34,000 Kaiser Permanente healthcare workers prepare to strike on Monday.
Semanu Mawugbe, a Kaiser nurse in Los Angeles explained, “It’s a slap in the face,” he said, noting that the 1%-a-year offer was well below this year’s 5%-plus inflation rate. “They tell us we’re heroes and we’re much appreciated because of everything we did during the pandemic”, he said. “But their offer shows they don’t mean it. We’re the ones who sustained the hospitals and took care of the sick like it’s a war zone...None of us want a strike, but there are times it has to be done,” he said. “We’re hoping for a last-minute, 11th-hour turnaround.”
The unions say Kaiser is seeking to squeeze wages when the non-profit company is doing well, with $45bn in cash reserves and $6.8bn in operating profits the last three years.
Denise Duncan, president of the United Nurses union, called Kaiser’s offer “totally unacceptable”. She derided the proposal to pay new workers less: “You can’t solve a nursing shortage that way.” She faulted Kaiser’s wage survey, saying it should have been done in cooperation with Kaiser’s unions. She said the survey, comparing Kaiser’s pay levels with those at smaller, less sophisticated medical institutions, often in rural areas, was apples and oranges.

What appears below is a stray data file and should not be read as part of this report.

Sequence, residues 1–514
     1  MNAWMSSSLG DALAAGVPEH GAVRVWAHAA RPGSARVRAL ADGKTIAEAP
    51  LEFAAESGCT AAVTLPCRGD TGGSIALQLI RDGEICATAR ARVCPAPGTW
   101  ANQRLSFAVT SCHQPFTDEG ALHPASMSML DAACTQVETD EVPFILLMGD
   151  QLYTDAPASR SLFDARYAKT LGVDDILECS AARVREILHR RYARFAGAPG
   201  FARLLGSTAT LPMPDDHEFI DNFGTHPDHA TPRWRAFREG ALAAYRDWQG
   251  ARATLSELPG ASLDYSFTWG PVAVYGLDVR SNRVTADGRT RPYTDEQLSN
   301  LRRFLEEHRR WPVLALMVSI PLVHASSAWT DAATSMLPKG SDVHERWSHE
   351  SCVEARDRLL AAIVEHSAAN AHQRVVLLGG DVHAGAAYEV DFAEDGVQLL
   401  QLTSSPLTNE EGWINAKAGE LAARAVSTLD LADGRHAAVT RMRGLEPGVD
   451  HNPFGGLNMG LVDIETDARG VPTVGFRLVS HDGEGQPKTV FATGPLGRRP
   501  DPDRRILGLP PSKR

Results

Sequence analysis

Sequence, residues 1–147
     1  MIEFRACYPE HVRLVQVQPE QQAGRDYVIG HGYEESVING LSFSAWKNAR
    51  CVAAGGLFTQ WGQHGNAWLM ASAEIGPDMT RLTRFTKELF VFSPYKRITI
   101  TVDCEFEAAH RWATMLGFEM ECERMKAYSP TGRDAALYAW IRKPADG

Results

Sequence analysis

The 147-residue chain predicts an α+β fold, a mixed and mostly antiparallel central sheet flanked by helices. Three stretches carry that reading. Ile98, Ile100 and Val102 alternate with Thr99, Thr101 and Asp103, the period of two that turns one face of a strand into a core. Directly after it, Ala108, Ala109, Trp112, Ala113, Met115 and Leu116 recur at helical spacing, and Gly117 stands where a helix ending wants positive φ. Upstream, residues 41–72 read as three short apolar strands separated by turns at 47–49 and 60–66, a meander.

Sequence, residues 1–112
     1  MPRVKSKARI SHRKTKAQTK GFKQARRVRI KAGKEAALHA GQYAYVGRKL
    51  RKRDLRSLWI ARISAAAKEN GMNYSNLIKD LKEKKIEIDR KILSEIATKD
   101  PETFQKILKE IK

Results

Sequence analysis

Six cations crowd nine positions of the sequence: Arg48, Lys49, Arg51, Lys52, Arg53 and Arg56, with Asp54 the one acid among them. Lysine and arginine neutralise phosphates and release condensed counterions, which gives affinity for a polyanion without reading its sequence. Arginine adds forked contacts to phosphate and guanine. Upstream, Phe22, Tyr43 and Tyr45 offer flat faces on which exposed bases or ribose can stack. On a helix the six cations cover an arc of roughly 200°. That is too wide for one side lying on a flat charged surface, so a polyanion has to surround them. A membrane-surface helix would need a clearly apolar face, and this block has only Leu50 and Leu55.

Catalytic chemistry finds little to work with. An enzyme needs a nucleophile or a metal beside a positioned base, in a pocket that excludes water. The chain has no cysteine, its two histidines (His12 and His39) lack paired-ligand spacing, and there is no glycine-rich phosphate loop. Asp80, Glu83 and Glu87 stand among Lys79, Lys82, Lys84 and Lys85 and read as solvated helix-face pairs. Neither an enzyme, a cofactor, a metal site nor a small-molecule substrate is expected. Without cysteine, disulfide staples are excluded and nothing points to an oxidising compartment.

“Ultimately, we just had to pull our levers for a strike”, Duncan told the Guardian. “Our members were angry. Everyone worked so hard. We feel Kaiser let our principles of partnership go.”